August 1, 1864. (Received 1.30 p.,.)
You may fire from ten to fifteen shots from every gun you have in position into Atlanta that will reach any of its house. Fire slowly and with deliberation between 4 p. m. and dark. I have inquired into our reserve supply and the occasion will warrant the expenditure.
Thomas and Howard will do the same.
W. T. SHERMAN,
VINING'S August 1, 1864-9 a. m.
Major J. A. CAMPBELL,
Assistant Adjutant-General Department of the Ohio:
I have the honor to report that the Ninth Ohio Cavalry, the regiment left by General McCook in charge of the pontoon train, returned here with it the day after he crossed, as ordered to do by General McCook. The regiment has no orders with regard to watching the river for his return. The Fire Wisconsin Cavalry, part of General McCook's command, came back the next morning after he crossed the river, and is now in camp somewhere in this vicinity. the Ninth Ohio Volunteer Cavalry and First Wisconsin Cavalry are under the command of Colonel Hamilton, is not here at present; he left here an hour ago for headquarters of General Sherman. Under these circumstances I have deemed it proper to report the facts and await your ordered to move the pontoon train down the river to the vicinity of Campbellton, and watch the river for the return of General McCook. General crossed below Campbellton, about thirty miles from here. At the rete the train moves it will take two days to move to that point.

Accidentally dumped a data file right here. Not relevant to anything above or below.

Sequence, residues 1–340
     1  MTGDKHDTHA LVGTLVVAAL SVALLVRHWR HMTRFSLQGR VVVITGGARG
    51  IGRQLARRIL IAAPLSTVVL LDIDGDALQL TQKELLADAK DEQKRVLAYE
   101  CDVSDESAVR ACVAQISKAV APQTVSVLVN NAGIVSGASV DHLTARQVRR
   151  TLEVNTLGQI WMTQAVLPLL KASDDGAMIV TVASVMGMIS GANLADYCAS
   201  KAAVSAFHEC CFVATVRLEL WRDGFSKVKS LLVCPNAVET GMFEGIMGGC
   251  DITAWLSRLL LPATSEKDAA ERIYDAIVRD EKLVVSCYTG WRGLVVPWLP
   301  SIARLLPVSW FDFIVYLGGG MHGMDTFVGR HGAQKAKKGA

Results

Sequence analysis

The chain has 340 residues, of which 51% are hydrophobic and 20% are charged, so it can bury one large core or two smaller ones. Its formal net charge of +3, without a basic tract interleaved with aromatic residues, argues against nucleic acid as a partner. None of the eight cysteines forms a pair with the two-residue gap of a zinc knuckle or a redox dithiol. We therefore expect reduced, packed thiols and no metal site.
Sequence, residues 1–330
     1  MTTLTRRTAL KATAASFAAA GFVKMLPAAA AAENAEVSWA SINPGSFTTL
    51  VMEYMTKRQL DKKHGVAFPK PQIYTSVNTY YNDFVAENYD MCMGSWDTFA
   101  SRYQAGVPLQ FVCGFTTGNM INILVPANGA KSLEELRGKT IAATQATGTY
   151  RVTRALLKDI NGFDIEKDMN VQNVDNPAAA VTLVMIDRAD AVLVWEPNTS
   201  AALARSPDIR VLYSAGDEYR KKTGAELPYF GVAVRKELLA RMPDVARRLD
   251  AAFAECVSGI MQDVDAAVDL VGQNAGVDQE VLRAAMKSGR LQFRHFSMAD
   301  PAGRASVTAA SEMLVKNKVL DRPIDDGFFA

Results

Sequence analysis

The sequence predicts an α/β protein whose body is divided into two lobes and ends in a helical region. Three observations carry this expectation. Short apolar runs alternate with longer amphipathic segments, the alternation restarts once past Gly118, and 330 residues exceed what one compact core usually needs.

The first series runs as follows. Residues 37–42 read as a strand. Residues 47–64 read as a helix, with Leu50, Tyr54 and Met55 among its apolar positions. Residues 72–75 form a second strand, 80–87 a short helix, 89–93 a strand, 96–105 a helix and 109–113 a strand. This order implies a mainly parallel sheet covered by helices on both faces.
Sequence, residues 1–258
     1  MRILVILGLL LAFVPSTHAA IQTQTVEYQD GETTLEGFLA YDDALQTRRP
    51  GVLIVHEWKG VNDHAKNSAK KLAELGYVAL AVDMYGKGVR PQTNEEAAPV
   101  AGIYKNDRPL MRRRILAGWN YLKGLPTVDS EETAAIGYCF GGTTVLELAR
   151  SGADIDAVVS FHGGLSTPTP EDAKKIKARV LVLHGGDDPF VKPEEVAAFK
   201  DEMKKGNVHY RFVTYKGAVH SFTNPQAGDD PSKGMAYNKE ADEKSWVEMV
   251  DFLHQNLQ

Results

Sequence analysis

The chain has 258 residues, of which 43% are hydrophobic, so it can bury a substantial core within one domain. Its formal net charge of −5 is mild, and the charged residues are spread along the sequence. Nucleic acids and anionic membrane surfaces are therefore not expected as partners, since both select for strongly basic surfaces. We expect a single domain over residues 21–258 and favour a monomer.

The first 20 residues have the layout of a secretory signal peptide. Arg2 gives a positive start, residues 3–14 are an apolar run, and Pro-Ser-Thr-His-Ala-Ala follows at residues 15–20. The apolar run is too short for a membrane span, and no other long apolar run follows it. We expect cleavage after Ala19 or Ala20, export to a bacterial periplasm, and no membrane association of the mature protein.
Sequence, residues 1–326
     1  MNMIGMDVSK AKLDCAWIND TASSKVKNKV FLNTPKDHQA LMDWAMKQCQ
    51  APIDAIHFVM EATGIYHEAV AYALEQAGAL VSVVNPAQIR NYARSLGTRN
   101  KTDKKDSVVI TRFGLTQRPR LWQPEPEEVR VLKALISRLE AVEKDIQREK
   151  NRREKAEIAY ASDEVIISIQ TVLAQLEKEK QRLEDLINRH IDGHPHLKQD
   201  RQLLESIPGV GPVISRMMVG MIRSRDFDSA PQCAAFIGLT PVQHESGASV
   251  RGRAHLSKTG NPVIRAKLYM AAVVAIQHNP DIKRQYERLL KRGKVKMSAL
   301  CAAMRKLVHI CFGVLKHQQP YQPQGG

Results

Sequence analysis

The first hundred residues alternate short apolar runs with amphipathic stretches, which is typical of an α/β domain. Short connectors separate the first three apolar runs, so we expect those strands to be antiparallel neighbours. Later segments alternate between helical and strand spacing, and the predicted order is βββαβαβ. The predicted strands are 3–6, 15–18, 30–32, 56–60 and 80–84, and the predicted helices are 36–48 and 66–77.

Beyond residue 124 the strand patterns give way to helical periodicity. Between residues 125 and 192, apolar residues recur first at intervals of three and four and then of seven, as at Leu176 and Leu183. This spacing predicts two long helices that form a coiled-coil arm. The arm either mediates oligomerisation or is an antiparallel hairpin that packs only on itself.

Colonel Seventh Ohio Volunteer Cavalry.
August 1, 1864-12.30 p. m.
Old Mr. Bowen, living just beyond the right of our line, says we have not yet reached the Sandtown road proper. The Green's Ferry road leads to White Hall, the Sandtown road and that being the same road from Atlanta to a point this side of White Hall.
O. O. HOWARD,
HDQRS. MILITARY DIVISION OF THE MISSISSIPPI,
In the Field, near Atlanta, Ga., August 1, 1864.
General Schofield has just been here. His troops are drawing out of their old lines, and will move for the right early in the morning. When he reaches you give him the right direction, so that when in position he will be within cannon-range of the railroad.
W. T. SHERMAN,